My 12 Books of 2021
“Reflection teaches you only the best of what you know.
Reading teaches you the best of what others know.” — James Clear
In 2018, I read zero (0) books.
In 2019, I read four (4) books.
In 2020, I read ten (10) books (up from my goal of only six books).
In 2021, I set a goal to read twelve (12) books, and I hit the goal in November. I’ve listed the books below, along with a snippet of what resonated with me.
[Disclaimer: outside of the first book listed, every book was physically read on my iPad or a real book.]
“A Promised Land” by Barack Obama: my first Presidential memoir book. Incredibly fascinating insight into the decisions and challenges of the highest office. What made this book even more special: Barack Obama himself narrated the audiobook.
“You know, Barry, there are people in the world who think only about themselves. They don’t care what happens to other people so long as they get what they want. They put other people down to make themselves feel important.
Then, there are people who do the opposite — who are able to imagine how others must feel and make sure that they don’t do things that hurt people.
“So,” she said, looking at me square in the eye, “which kind of person do you want to be?” — Stanley Ann Durham, Barack Obama‘s mother.
“The Big 50: Men and Moments of the Detroit Red Wings” by Helene St. James: just when my fandom couldn’t get any higher, this book dives deep into the many icons of my hometown NHL team.
“Getting Naked” by Patrick Lencioni: gifted to me by a colleague of mine at Google, this book provides perspective on client relationships and aims to uncover some fears we have in our day-to-day interactions with those that invest in the products we sell.
“Thirst” Scott Harrison: Gifted to me by the Co-Founders of Sports Biz Cares, A fascinating origin story of the nonprofit charity:water. “Actions not words are what people need from us.” After I finished the book, I began monthly donations to the organization.
“Open” by Andre Agassi: I played tennis all through high school (went to the state championships in my junior and senior year, nbd), and I always looked up to Agassi. Some of the learnings in this book definitely caught me by surprise. A great read focused on perseverance, love, loss, and glory of the game.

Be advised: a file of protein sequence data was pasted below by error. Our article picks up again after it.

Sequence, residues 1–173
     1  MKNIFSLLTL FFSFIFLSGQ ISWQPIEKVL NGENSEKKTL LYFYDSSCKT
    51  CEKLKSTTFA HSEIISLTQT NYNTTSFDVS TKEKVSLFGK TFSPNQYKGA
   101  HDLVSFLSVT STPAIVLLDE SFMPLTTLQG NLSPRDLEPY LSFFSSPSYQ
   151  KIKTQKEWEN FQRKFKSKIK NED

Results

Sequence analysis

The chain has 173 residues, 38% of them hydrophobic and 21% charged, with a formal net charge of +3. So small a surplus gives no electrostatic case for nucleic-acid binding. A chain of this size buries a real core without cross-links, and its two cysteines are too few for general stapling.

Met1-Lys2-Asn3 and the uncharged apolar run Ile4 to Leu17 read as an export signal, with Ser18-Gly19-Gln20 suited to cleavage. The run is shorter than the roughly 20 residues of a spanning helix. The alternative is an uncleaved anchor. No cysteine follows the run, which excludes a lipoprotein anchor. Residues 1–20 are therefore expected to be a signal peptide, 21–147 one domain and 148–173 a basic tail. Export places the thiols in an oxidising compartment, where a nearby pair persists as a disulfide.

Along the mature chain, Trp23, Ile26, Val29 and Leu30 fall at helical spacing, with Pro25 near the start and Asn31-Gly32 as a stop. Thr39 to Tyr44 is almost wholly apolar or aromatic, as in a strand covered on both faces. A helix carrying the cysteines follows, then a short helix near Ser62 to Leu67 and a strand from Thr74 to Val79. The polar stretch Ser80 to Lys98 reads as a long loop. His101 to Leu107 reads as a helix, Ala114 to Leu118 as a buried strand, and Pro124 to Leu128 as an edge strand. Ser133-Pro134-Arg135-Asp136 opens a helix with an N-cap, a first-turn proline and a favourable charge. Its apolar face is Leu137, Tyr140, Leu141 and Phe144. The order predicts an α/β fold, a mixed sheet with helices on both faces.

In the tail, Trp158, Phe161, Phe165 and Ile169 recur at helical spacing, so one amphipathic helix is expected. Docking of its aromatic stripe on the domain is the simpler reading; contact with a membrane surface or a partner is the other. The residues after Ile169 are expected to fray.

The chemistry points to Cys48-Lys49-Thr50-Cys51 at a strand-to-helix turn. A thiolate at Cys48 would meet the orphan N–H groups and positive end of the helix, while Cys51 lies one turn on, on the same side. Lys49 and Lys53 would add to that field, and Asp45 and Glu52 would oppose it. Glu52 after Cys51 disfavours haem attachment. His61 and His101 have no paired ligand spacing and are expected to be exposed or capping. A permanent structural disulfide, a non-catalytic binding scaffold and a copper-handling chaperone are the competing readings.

“My Lovely Wife” by Samantha Downing: the first fiction book I read as an adult. A suspenseful murder story. I ran through it in 2 weeks, which is the fastest I’ve read any book to date.
“Talking to Strangers" by Malcolm Gladwell: Strangers aren’t easy. A great book that dives into how we default to trust when meeting strangers.
“When” by Daniel Pink: Writing is an act of discovering what you think and what you believe. A great recommendation for folks seeking to understand and gain perspective on the value of time.
“The Hard Thing About Hard Things” by Ben Horowitz: as an aspiring entrepreneur myself, this book spoke to me on so many different levels. “Hard things are hard because there are no easy answers or recipes. They are hard because your emotions are at odds with your logic. They are hard because you don’t know the answer and you cannot ask for help without showing weakness.”
“The Silent Patient” by Alex Michaelides: the second fiction book I’ve read as an adult. Not sure if I would call it a “thriller” but it was definitely a suspenseful murder narrative with interesting timeline storytelling.
“New Power: How Power Works in Our Hyperconnected World — and How to Make It Work for You” by Jeremy Heimans & Henry Timms: “The right recipe for building an effective group is by making people feel like they are a part of it, and that they can stand out in it.” This book was an interesting take on “old power” versus “new power,” and how to achieve more by finding the balance and being agile between both.
“Think Again: The Power of Knowing What You Don’t Know” by Adam Grant: “Our happiness often depends more on what we do than where we are.” A thought-provoking book that will encourage me to rethink my own assumptions and conclusions.